Friday, 20 April 2012

Endgames and their importance

On one of the past Wednesday evenings at the Club, Arthur Huynh was demonstrating a few endgames to Greig, Alan and myself. We all agreed on the importance of learning the endgames well but being amateurs club players with limited time and limited memory, endgames can be tough. But what if you are a GM? Even if you are an amateur GM? Shouldn't you know the basic endgame theory? This lesson was brought home today when I read the Chessvibes report on the Bangkok Open.

At the recent Bangkok Open, English GM Nigel Short, on his way to winning the event, played GM Farrukh Amonatov in the penultimate round. On move 78, Short played Ra8, reaching the famous Vancura position but with Black's rook and king in the wrong position to achieve a draw (have a look at the notes on Chessvibes).

This is the earlier position after White's 69th move (69 a7). What would you play if you were Black to draw?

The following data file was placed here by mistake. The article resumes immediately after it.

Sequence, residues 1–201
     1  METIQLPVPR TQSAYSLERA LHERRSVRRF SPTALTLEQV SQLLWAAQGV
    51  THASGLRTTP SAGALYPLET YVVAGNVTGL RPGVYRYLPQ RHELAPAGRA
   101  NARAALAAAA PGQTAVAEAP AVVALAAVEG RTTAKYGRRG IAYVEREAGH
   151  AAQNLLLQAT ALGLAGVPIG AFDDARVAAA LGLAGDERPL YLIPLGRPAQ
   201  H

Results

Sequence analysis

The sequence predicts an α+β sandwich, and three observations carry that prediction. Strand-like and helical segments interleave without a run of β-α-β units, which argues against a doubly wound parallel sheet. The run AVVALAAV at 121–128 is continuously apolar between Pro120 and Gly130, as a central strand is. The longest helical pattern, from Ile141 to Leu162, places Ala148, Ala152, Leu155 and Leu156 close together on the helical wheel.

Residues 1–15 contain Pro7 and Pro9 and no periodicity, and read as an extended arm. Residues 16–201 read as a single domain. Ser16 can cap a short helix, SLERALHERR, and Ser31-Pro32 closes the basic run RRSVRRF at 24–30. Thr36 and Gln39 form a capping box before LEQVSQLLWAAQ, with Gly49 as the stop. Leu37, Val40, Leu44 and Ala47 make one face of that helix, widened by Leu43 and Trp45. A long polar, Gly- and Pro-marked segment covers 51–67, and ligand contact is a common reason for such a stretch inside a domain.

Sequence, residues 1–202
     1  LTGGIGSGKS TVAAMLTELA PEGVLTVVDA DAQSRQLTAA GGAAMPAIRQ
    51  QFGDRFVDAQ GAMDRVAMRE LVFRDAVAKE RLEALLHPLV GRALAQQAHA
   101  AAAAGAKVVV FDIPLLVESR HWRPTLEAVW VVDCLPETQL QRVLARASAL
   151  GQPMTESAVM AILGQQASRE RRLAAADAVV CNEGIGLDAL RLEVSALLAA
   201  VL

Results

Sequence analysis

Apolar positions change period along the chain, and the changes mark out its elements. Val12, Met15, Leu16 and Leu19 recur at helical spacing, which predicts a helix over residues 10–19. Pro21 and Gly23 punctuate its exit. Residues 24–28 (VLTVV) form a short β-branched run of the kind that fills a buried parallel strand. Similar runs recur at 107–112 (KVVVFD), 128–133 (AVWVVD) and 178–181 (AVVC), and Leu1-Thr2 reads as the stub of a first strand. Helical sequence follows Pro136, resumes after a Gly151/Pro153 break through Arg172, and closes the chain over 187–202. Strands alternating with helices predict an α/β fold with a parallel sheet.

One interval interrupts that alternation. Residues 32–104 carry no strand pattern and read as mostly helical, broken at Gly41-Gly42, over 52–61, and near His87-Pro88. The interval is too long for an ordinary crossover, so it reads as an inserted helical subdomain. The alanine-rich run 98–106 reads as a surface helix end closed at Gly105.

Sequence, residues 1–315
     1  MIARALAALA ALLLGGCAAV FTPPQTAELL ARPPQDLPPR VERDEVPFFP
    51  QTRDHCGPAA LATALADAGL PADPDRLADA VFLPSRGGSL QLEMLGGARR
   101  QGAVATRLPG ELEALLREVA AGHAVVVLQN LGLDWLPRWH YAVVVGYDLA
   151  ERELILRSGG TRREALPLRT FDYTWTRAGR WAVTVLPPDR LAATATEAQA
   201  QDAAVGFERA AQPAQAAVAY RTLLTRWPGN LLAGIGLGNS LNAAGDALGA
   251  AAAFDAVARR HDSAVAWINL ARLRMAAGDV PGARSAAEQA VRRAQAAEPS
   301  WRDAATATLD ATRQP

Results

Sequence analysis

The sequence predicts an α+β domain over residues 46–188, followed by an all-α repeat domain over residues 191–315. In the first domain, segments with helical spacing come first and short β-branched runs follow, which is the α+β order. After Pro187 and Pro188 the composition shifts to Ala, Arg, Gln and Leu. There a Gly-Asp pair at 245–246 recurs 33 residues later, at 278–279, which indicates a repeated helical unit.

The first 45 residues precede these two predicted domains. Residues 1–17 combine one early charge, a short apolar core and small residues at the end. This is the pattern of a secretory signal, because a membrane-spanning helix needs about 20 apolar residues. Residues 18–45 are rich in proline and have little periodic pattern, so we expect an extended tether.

As a matter of serendipity (I am a fan of serendipitious events), I was reading the newish Chess Evolution Weekly Newsletter (which was started in February this year). The newsletter is a great subscription, as it contains 4 well-annotated GM games, an annotated classic game, puzzles and Edngame theory by GM Csaba Balogh. In issue No 3, GM Balogh dealt with the Vancura position! (The first edition is free for download.)

It is important to know the endgame positions but even more important to know how to transition to the known endgame position.

If club members are interested, I can post some well-known endgame positions (plagiarised from CEWN but only the positions, not the notes and solutions) on this blog as an ongoing exercise ...... Perhaps we can get a discussion going on this blog ......

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